Below are some common questions and answers about molecular testing:
How can molecular testing help with cancer treatment?
Molecular testing can help guide treatment for some people with cancer. However, molecular testing might not be useful in all situations, such as
- a biopsy of the tissue cannot be taken
- a biopsy sample is not adequate
- tests provide limited details
Sometimes, even if molecular testing directs you to a certain treatment type, there is no guarantee that it will treat cancer effectively.
What is next-generation sequencing?
Also, next-generation sequencing can detect smaller genetic variations, offering a more comprehensive view of a person’s genome and genetic risk factors.
How accurate is molecular testing?
The accuracy of molecular testing depends on the test. Overall, the accuracy is good but not perfect.
For example, a
- The summary sensitivity of the tests was 95.9%, meaning very few false-negative results.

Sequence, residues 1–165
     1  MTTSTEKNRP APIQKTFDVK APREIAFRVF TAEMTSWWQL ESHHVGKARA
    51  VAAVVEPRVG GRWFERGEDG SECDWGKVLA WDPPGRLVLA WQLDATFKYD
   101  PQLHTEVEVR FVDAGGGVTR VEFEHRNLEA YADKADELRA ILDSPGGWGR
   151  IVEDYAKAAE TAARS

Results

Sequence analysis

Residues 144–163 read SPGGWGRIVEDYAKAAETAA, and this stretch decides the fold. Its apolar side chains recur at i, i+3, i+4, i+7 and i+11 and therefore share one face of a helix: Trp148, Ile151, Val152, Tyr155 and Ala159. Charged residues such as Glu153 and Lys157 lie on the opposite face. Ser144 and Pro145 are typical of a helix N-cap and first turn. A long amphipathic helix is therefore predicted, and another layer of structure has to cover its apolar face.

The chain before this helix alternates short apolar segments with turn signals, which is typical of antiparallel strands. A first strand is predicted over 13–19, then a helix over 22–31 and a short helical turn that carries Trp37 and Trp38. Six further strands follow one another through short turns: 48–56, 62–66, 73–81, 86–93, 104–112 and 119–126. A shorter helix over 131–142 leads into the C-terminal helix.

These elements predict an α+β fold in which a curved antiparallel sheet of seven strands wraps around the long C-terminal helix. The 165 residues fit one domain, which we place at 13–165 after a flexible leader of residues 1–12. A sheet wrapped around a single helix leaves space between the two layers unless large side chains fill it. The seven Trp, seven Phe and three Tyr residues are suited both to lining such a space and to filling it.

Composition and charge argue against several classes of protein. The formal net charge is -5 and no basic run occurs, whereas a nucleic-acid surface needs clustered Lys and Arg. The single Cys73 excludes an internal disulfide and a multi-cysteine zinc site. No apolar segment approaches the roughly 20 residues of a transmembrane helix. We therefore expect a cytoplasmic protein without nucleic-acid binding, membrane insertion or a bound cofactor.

- The summary specificity was 97.2%, meaning very few false-positive results.
- Some tests were less accurate, with an overall sensitivity range of 80.5% to 96.6%.
A lab often determines the accuracy of a test by measuring sensitivity and specificity. High levels of both these measures means the test can correctly identify people with and without a specific disease.
Molecular testing is a type of genetic testing that offers significant insight into a person’s genome. It can also detect signs of certain infections and diseases based on those conditions’ unique genetics.
It is rapidly evolving, with more options for molecular testing becoming available.
Genetic sequencing is improving with next-generation sequencing techniques. However, it is important for people to understand the limitations of molecular testing. This is especially true with types of genetic testing that do not offer certainty, such as prenatal testing.